Cllr Clarke added: “I am hopeful everybody will pull together, get on the right end of the rope, pull it and let’s get this sorted in 28 days
“Failing that, there will be dozens of businesses going to the wall.”
Mr Robinson explained the economic package on offer was in “two sides”, with more money for councils’ enforcement teams to make sure people follow the rules and grants for affected businesses.
“Our offices are working right now to make sure we can get that money out there as quickly as possible to the businesses that will desperately need it once restrictions are announced,” he said.
The announcement of south Nottinghamshire’s measures also promised a review after 28 days, with Mr Robinson saying that will be a regular process.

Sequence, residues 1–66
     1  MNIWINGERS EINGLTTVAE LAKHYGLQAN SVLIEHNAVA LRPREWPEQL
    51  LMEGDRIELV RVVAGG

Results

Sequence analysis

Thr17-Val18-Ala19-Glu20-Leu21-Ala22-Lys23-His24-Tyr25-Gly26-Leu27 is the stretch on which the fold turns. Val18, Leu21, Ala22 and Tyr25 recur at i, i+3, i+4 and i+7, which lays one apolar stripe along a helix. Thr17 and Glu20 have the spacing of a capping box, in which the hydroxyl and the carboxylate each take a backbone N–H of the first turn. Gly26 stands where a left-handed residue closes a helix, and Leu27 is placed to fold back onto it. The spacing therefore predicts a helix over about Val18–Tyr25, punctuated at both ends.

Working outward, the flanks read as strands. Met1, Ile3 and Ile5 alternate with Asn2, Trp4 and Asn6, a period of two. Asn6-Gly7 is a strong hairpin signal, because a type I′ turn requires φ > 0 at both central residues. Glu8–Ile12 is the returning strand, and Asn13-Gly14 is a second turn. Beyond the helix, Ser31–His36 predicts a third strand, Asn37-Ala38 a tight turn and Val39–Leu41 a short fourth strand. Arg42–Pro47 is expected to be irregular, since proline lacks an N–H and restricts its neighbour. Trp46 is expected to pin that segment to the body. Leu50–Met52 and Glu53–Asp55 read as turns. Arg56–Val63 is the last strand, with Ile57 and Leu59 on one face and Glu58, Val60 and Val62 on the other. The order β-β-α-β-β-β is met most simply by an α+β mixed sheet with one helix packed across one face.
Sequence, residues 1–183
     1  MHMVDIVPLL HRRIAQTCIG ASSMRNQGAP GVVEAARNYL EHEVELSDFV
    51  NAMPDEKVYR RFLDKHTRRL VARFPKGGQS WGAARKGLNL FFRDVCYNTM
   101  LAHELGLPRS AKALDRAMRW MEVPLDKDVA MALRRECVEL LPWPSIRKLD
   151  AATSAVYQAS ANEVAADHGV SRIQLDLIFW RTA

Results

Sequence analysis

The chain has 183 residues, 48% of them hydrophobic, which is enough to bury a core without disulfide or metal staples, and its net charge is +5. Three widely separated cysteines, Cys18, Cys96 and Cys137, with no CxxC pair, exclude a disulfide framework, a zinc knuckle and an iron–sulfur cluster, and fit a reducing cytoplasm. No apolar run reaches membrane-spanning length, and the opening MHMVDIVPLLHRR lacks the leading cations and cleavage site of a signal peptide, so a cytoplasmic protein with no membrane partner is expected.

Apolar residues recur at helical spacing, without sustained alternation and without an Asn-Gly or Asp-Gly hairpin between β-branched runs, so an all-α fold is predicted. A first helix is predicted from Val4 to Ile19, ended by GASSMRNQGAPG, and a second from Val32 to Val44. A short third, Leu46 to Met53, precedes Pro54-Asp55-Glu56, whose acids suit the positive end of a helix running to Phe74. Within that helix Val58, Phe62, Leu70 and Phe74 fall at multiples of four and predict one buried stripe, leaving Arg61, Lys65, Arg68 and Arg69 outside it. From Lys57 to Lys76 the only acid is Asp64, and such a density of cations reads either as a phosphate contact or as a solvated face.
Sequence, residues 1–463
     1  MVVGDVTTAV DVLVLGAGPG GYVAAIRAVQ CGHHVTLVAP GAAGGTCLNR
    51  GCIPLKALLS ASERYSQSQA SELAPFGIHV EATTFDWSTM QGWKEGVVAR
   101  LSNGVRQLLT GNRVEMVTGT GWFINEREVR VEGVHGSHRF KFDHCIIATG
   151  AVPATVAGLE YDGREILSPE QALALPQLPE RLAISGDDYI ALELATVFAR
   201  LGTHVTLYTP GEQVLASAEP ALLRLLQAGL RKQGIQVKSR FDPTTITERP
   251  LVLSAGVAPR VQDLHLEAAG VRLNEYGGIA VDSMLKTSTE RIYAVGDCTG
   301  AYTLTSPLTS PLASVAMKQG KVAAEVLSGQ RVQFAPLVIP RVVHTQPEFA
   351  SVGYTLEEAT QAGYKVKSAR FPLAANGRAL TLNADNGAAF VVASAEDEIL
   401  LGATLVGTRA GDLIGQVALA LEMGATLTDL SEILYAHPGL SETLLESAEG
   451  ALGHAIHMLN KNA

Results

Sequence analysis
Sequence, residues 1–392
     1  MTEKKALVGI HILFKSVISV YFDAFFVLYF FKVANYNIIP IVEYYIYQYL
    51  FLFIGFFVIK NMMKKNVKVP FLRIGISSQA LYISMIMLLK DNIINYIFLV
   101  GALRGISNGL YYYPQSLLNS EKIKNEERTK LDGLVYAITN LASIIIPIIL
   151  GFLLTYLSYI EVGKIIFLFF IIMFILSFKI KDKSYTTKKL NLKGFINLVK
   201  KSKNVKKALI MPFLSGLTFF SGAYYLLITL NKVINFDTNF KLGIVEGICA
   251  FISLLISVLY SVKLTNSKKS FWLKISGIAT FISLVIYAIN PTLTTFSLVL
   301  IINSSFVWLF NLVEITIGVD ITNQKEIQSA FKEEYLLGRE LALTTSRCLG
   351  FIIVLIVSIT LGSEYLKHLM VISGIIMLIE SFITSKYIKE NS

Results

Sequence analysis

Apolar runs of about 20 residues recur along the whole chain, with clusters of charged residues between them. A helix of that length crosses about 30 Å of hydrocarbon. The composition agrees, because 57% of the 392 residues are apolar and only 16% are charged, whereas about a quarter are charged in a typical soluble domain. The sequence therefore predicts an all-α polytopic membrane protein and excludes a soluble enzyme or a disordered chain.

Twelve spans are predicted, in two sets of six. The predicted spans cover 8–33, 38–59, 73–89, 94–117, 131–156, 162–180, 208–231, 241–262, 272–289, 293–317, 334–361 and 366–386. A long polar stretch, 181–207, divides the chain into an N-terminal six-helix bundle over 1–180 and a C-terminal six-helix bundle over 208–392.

He said: “We’ll all be analysing that data to see what impact the restrictions are actually having.
“We do need to see it come down, not plateau. Plateau won’t be good enough.
“We’ve got to actually see these infection rates coming down, particularly in the over-60s.”
Masked shoppers in Nottingham on Tuesday ahead of the region being moved into Tier 3 (Joe Giddens/PA)Although people are resilient, Mr Robinson said residents are “weary”.
“It’s getting dark outside, it’s winter, there’s more restrictions, and particularly business owners are really wary of this period coming up in terms of what effect it’s going to have on there,” he said.
“What I’ve seen consistently is that people understand that we have to get a grip on this virus.
“Not just the virus itself but also the effect it’s having on our hospitals.”
Last week, the head of the NHS trust which runs Nottingham’s two main hospitals said some non-urgent surgery and appointments would have to be cancelled because of a spike in Covid-19 admissions.